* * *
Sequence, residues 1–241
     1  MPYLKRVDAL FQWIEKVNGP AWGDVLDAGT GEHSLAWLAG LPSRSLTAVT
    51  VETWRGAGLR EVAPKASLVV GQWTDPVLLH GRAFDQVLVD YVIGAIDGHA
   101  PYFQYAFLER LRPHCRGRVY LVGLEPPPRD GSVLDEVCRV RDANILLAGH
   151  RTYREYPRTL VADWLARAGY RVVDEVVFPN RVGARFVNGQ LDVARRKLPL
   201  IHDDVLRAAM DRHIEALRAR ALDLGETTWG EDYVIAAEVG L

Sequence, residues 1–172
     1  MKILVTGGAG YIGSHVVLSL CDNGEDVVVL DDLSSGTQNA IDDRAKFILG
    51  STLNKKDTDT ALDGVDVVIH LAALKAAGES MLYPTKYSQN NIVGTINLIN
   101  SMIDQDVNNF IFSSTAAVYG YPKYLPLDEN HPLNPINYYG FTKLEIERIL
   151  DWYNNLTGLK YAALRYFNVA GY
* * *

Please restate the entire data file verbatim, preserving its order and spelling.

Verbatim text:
Sequence, residues 1–241
     1  MPYLKRVDAL FQWIEKVNGP AWGDVLDAGT GEHSLAWLAG LPSRSLTAVT
    51  VETWRGAGLR EVAPKASLVV GQWTDPVLLH GRAFDQVLVD YVIGAIDGHA
   101  PYFQYAFLER LRPHCRGRVY LVGLEPPPRD GSVLDEVCRV RDANILLAGH
   151  RTYREYPRTL VADWLARAGY RVVDEVVFPN RVGARFVNGQ LDVARRKLPL
   201  IHDDVLRAAM DRHIEALRAR ALDLGETTWG EDYVIAAEVG L

Sequence, residues 1–172
     1  MKILVTGGAG YIGSHVVLSL CDNGEDVVVL DDLSSGTQNA IDDRAKFILG
    51  STLNKKDTDT ALDGVDVVIH LAALKAAGES MLYPTKYSQN NIVGTINLIN
   101  SMIDQDVNNF IFSSTAAVYG YPKYLPLDEN HPLNPINYYG FTKLEIERIL
   151  DWYNNLTGLK YAALRYFNVA GY